Mark Twain's Library of Humor (Modern Library Humor and Wit)

Mark Twain's Library of Humor (Modern Library Humor and Wit)

Mark Twain, Roy Blount Jr.

Language: English

Pages: 608

ISBN: 0679640363

Format: PDF / Kindle (mobi) / ePub


Beginning with the piece that made Mark Twain famous--"The Notorious Jumping Frog of Calaveras County"--and ending with his fanciful "How I Edited an Agricultural Paper," this treasure trove of an anthology, an abridgment of the 1888 original, collects twenty of Twain's own pieces, in addition to tall tales, fables, and satires by forty-three of Twain's contemporaries, including Washington Irving, Harriet Beecher Stowe, Ambrose Bierce, William Dean Howells, Joel Chandler Harris, Artemus Ward, and Bret Harte.

The Great Texas Joke Book

The Anti-Everybody Joke Book

Elect Mr. Robinson for a Better World: A Novel

The Sick Lovers Joke Book

Elrod McBugle on the Loose

 

 

 

 

 

 

 

 

 

 

 

seat in the stern, I prepared my rod and line. The rod is a bamboo, weighing seven ounces, which has to be spliced with a winding of silk thread every time it is used. This is a tedious process; but, by fastening the joints in this way, a uniform spring is secured in the rod. No one devoted to high art would think of using a socket joint. My line was forty yards of untwisted silk upon a multiplying reel. The “leader” (I am very particular about my leaders) had been made to order from a domestic

about. As we were comin’ in, I asked one of the men in the entry what the piece was, and he said, Jennie Saper;’ and he knew, for he was a Frenchman.” “Our seats,” said M. T. Frelinghuysen Boothby, “were so far back that we had difficulty in making out what Burnhart said; but from what I did hear, I would judge that she spoke better English than Rhea—at any rate, I could understand her better than I ever could Rhea.” M. le Colonnel Fitzgerald confessed to being disappointed. “It may be my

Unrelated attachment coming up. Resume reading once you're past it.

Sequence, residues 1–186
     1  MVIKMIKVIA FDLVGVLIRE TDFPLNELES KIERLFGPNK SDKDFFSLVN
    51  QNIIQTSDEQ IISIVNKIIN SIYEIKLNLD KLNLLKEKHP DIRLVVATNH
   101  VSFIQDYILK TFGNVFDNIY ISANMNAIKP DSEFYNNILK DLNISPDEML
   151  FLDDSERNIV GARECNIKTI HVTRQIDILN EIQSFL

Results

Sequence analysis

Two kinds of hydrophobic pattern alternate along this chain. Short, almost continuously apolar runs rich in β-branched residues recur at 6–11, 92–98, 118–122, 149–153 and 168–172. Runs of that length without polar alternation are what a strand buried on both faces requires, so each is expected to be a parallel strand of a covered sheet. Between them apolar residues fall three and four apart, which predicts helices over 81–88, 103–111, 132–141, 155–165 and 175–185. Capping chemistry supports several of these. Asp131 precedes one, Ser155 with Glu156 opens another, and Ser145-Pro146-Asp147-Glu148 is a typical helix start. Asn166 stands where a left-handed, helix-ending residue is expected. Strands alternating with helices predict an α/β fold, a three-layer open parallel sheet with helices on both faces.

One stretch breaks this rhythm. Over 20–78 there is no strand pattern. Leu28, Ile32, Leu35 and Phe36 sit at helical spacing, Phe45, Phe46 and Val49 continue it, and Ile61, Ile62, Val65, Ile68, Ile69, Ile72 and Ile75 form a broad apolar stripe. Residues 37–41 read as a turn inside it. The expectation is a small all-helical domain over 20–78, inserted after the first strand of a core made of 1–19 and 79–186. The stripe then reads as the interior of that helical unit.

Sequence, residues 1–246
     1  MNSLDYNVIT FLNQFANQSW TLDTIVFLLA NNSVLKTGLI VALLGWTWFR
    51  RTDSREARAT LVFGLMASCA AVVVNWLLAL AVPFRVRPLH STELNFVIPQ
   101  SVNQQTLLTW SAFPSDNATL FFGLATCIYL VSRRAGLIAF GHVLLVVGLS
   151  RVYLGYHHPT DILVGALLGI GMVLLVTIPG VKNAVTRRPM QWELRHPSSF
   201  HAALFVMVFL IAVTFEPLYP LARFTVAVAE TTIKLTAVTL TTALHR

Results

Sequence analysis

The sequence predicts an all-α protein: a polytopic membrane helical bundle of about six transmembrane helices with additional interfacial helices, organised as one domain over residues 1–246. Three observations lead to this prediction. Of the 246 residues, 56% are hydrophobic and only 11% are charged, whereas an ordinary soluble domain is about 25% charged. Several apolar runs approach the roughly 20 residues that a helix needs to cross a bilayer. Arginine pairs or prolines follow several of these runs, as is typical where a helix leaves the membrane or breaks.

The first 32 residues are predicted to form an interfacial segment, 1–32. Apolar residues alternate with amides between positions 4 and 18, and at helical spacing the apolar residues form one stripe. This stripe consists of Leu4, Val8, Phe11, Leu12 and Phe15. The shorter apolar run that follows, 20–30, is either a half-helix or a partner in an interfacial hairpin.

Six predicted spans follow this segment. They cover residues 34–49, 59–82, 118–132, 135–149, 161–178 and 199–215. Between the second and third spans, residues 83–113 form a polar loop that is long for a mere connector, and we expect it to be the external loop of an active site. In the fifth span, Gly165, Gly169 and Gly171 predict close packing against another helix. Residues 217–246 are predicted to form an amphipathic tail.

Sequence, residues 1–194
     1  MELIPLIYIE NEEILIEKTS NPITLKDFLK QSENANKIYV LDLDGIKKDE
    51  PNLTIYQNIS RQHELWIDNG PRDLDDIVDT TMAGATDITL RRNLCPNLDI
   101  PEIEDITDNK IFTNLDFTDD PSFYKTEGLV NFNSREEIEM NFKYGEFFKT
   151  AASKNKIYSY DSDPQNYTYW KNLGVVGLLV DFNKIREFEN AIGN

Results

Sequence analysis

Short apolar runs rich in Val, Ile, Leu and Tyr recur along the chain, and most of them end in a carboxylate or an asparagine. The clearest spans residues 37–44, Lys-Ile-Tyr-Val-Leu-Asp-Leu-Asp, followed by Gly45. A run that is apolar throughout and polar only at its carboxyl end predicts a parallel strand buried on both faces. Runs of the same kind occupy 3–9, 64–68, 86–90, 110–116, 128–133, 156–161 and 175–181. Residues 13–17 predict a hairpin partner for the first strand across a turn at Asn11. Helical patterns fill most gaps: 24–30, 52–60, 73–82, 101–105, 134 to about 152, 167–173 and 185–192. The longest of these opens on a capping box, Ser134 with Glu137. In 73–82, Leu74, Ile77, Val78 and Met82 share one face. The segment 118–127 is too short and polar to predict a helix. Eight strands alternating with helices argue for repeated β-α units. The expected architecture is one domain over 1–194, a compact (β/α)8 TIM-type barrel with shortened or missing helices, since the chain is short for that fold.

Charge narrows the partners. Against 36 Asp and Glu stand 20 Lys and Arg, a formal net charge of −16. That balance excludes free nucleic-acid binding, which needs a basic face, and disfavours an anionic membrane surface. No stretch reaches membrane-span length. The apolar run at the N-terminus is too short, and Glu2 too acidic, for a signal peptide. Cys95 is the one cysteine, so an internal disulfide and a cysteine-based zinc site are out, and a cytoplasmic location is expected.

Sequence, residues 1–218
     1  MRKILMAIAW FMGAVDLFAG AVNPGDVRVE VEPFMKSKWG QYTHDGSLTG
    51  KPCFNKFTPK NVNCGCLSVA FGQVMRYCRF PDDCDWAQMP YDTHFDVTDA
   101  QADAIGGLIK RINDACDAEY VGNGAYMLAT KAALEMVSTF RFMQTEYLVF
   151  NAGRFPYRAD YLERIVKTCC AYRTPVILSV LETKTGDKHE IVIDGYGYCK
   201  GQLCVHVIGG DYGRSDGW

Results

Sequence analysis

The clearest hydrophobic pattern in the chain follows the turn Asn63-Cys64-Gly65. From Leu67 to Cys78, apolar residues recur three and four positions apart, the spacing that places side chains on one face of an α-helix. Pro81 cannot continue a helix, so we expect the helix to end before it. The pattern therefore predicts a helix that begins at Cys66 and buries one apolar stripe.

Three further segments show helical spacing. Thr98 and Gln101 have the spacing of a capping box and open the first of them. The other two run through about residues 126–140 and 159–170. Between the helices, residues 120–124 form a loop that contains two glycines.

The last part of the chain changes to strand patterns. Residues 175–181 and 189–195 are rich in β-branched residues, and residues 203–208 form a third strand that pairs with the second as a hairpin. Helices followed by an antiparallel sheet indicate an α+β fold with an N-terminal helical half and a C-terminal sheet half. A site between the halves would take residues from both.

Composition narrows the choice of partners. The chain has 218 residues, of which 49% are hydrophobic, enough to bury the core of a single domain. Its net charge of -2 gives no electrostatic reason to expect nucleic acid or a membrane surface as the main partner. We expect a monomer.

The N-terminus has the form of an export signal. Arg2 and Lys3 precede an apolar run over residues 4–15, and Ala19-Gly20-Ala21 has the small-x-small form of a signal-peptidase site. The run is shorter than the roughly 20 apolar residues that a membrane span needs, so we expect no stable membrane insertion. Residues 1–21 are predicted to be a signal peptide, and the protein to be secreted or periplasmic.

cuss here fur?” & he hit the wax figger another tremenjis blow on the hed. Sez I, “You egrejus ass, that air’s a wax figger—a representashun of the false ’Postle.” Sez he, “That’s all very well fur you to say, but I tell you, old man, that Judas Iscarrot can’t show hisself in Utiky with impunerty by a darn site!” with which observashun he kaved in Judassis’ hed. The young man belonged to 1 of the first famerlies in Utiky. I sood him, and the Joory brawt in a verdick of Arson in the 3d degree.

parts—“deze I’ll tackle now, en deze I’ll lay by fer Sunday. “Lemme see. I mos’ dis’member wharbouts Brer Fox en Brer Rabbit wuz.” “The rabbit rode the fox to Miss Meadows’s, and hitched him to the horse-rack,” said the little boy. “W’y co’se he did,” said Uncle Remus. “Co’se he did. Well, Brer Rabbit rid Brer Fox up, he did, en tied ’im to de rack, en den sot out in de peazzer wid de gals a smokin’ er his seegyar wid mo’ proudness dan w’at you mos’ ever see. Dey talk, en dey sing, en dey play

when any of his wife’s distinguished friends call to visit her. In truth, Pedrigo is not always in a presentable condition; for as Mrs. Pumpilion is de facto treasurer, he is kept upon rather short allowance, her wants being paramount, and proportioned to the dignity of head of the family. But although he is now dutiful enough, he at first ventured once or twice to be refractory. These symptoms of insubordination, however, were soon quelled—for Mrs. Pumpilion, with a significant glance, inquired:

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